• 2’ square section of ¼" plywood.
  • Wood screws.
  • Talc.

Tools and Supplies

You really could get by and build this whole thing with a hand drill, Sawzall, and basic hand tools; but just for the record, to build this stuff we used:

  • Engine lathe with tooling.
  • Bridgeport mill with mills and countersink.
  • TIG welder.
  • Sheet metal hole punch.
  • Screw gun with drill bit.
  • Some clamps.
  • A blow torch.
  • A sieve.
  • A steel rod (for raking coals and lifting pot).

And, of course, you will need some aluminum scrap, and something from which to make your mold.

only the pinkest will do

our supplies


Let’s start with some theory. We want to melt aluminum, which melts at 660 C or 1220 F, so we need a bunch of heat. A grill fire is hot, but not enough, so we need to add oxygen to the fire to increase the temperature. A simple way to do that, is to use a hair dryer as a blower and blow some air into our coal fire.

Building this is a simple matter of: making an air inlet and attaching it to the grill.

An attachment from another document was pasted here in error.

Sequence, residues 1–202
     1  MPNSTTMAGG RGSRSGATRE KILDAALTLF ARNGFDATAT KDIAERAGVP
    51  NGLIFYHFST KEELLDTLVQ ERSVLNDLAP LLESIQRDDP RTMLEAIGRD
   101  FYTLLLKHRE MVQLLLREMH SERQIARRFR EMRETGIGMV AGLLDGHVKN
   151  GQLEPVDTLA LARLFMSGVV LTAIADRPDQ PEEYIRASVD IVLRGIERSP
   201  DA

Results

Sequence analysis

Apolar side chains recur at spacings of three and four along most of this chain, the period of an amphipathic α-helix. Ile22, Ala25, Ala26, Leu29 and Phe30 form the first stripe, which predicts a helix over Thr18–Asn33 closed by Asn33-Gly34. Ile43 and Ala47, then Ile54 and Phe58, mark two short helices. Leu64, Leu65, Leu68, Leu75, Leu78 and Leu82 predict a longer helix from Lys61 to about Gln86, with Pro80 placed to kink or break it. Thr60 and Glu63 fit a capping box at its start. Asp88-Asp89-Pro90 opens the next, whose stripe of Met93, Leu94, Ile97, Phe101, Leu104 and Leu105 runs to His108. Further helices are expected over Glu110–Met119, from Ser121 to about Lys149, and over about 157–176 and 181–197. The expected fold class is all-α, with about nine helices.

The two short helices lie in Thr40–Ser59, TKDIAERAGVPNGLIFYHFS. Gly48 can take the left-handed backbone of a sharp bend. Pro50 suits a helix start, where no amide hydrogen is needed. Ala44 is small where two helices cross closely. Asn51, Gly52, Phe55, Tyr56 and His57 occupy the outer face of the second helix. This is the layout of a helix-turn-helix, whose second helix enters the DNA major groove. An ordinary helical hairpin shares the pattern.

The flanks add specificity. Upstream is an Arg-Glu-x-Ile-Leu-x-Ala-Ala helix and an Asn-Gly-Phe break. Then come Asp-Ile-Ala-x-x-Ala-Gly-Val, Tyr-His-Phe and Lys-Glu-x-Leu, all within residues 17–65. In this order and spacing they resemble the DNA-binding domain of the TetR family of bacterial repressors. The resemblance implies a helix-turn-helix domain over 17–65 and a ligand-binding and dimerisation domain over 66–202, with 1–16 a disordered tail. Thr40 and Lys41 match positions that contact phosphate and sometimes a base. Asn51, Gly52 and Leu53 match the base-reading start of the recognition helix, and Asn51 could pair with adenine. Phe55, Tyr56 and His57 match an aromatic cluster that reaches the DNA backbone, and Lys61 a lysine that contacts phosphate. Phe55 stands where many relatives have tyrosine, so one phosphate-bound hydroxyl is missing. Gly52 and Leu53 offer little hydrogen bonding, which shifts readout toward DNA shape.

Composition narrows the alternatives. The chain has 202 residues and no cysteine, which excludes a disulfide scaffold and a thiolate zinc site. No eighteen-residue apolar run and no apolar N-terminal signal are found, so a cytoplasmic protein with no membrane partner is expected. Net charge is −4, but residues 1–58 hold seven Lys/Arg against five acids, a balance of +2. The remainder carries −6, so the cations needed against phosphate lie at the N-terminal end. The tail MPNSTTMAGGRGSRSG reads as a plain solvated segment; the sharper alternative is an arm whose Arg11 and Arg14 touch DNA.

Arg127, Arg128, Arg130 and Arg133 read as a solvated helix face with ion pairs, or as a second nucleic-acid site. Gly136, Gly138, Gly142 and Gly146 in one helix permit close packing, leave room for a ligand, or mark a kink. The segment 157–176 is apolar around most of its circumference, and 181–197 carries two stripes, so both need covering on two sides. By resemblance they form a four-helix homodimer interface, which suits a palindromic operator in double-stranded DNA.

Assembling the Air Pipe

The air pipe fits together, as seen in the picture below. We used a tee so that there is a place for the hot ash to fall down and collect; sometimes this is a metal flange, but a cap was fine for our needs.

assembled air pipe

We use the rubber coupling to join the hair dryer to the air pipe. Ultimately, we zip-tied the “cool blast” button; no need to heat up the air, the motor is faster without, and the charge is cooler (more dense, more oxygen).

Attaching Air Pipe to Grill

This is where Wingnut comes to the pro route. I’ve often seen this part done with flanges, basically, you need to attach the air inlet to the bottom of the grill, and have some sort of “grill” to prevent huge coals from falling down the 2 inch pipe.

I’ve also seen people adapt brake drums for this as well. They are sturdy and can take the heat. We however, missed a chance to get a brake drum, and so needed to adapt this nice bit of steel:

our bottom plate